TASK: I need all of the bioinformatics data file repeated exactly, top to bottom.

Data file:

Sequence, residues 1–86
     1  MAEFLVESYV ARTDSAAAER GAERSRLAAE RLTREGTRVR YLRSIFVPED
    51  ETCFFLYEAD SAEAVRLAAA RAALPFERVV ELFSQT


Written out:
Sequence, residues 1–86
     1  MAEFLVESYV ARTDSAAAER GAERSRLAAE RLTREGTRVR YLRSIFVPED
    51  ETCFFLYEAD SAEAVRLAAA RAALPFERVV ELFSQT